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What you should know about wild parsnipWhat you should know about wild parsnip

Here’s help for identifying and managing this troublesome weed.

Tom J. Bechman

June 14, 2023

3 Min Read
wild parsnip in field
BEWARE: If you are sensitive to weeds, here’s one to stay away from. Exposure to wild parsnip sap in daylight can trigger a reaction like a severe sunburn. Emily Swihart, University of Illinois Extension

Maybe you’ve come down with a burning, itching, pesky rash after mowing weeds with a weed trimmer. Poison ivy gets blamed for many rashes, mostly deserved. But you could have tangled with wild parsnip.

“Standing next to wild parsnip will not give you burning blisters,” says Chris Enroth, a horticulture Extension specialist with the University of Illinois. Unlike poison ivy, which can cause a rash in sensitive individuals through direct contact with leaves, you must contact the sap of wild parsnip to be affected.

“A person must make skin contact with the sap from a broken leaf or stem,” Enroth says. “The combination of sap on your skin and exposure to UV light causes phytophotodermatitis. It’s an interaction between plants and light that induces skin irritation. The effects are a severe sunburn.”

Identifying wild parsnip

Here is information to help separate wild parsnip from other plants you might find along roadsides or in natural areas:

Wild parsnip. Plants are 2 to 5 feet tall, Enroth says. The stem is slightly hairy and grooved. Leaves are coarse with saw-toothed edges. The umbrella-shaped flower is yellow.

Cultivated parsnip. This derived from wild parsnip but is not a threat to humans. Instead, it’s a wholesome vegetable for those who like it.

Queen Anne’s lace. This plant is closely related to wild parsnip with a similar, umbrella-shaped flower, Enroth says. However, the flower is white, and it blooms later than wild parsnip.

Senecio. Identified by Keith Johnson, a Purdue Extension forage specialist, as a problem in livestock pastures and hayfields over two decades ago, this weed also produces yellow flowers, although the shape of the flower head is different. Senecio can be poisonous to livestock and should also be avoided.

Poison hemlock. You may also run across this weed, and it should be avoided by humans and livestock. As with Queen Anne’s lace, its flower is white.

Managing wild parsnip

Here are several tips Enroth offers to minimize problems with wild parsnip:

If you were exposed … Wash the area that contacted wild parsnip sap immediately. If you already feel the burn, contact a physician for wound care recommendations.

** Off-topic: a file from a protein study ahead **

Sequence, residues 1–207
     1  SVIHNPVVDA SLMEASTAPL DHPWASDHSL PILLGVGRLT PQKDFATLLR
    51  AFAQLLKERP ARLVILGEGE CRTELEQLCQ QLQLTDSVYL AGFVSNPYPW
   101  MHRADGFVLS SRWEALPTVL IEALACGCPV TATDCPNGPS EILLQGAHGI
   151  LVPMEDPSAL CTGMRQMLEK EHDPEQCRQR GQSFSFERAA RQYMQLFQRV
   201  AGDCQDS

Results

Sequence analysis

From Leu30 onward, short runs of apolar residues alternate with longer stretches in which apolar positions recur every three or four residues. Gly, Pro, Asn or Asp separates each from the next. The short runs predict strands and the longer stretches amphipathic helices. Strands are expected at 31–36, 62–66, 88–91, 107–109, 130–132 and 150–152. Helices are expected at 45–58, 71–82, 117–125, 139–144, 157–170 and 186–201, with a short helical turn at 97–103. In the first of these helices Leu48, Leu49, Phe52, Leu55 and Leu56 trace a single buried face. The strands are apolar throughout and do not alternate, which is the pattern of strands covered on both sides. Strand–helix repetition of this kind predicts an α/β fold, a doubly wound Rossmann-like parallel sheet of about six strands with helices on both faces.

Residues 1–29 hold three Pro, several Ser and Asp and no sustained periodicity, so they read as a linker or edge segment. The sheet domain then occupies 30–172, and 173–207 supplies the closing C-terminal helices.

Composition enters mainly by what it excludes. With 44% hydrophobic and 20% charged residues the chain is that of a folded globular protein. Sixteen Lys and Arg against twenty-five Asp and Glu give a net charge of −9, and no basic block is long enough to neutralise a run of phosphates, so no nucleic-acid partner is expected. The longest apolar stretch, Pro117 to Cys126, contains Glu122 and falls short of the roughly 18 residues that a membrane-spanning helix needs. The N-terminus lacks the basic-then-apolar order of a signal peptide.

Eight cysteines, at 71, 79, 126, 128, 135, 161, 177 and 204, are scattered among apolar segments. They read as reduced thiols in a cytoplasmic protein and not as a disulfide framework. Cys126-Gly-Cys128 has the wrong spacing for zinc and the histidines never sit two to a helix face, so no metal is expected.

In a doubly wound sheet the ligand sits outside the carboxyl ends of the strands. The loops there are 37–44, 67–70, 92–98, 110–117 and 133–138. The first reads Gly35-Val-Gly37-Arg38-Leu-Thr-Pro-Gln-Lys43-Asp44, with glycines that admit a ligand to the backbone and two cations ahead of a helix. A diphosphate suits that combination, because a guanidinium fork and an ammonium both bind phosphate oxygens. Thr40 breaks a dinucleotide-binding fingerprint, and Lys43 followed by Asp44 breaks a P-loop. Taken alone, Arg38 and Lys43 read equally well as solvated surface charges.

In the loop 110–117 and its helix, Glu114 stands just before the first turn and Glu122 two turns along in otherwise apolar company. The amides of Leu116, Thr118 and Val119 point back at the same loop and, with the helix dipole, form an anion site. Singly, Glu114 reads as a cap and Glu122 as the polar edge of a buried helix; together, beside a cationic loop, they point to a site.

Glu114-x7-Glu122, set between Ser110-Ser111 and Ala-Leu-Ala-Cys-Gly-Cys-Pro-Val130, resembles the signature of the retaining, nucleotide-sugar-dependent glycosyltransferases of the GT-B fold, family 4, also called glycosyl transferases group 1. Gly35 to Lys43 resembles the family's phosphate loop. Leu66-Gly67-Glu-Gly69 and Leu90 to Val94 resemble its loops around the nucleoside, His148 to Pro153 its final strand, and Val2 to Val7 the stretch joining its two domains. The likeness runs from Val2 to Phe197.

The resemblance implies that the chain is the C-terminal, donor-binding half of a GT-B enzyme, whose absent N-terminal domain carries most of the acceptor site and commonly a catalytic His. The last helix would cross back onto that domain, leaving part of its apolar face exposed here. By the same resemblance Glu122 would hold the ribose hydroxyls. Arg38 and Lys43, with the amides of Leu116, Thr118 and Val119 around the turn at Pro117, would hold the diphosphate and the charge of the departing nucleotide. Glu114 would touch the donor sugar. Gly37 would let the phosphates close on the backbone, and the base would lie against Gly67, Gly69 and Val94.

Weed later in the evening. Lower levels of sunlight should help you avoid the blistering process if you do contact wild parsnip sap.

Let cut wild parsnip dry. It’s less risky to handle if it is cut and allowed to dry.

Wear protective clothing. A long-sleeve shirt and long pants for an activity like weed eating should minimize or eliminate contact with plant sap.

Dispose of cut plants. Wild parsnip can develop seed while lying on the ground.

Control in the rosette and preflowering stages. Wild parsnip is a biennial, so control should be done before it flowers. Consider controlling basal rosettes in the fall.

Use mechanical control. Cut roots 1 to 2 inches below the surface. Wear protective equipment, including eye protection and even a mask, when dealing with large populations of this weed.

Use chemical control. Broad-spectrum or broadleaf herbicides will be most effective against small rosettes. Contact Extension for information on herbicide options.

Information from “Identify, avoid and manage troublesome wild parsnip” by Christopher Enroth, horticulture educator, University of Illinois Extension, was used in this article.

About the Author(s)

Tom J. Bechman

Editor, Indiana Prairie Farmer, Farm Progress

Tom J. Bechman is editor of Indiana Prairie Farmer. He joined Farm Progress in 1981 as a field editor, first writing stories to help farmers adjust to a difficult harvest after a tough weather year. His goal today is the same — writing stories that help farmers adjust to a changing environment in a profitable manner.

Bechman knows about Indiana agriculture because he grew up on a small dairy farm and worked with young farmers as a vocational agriculture teacher and FFA advisor before joining Farm Progress. He works closely with Purdue University specialists, Indiana Farm Bureau and commodity groups to cover cutting-edge issues affecting farmers. He specializes in writing crop stories with a focus on obtaining the highest and most economical yields possible.

Tom and his wife, Carla, have four children: Allison, Ashley, Daniel and Kayla, plus eight grandchildren. They raise produce for the food pantry and house 4-H animals for the grandkids on their small acreage near Franklin, Ind.

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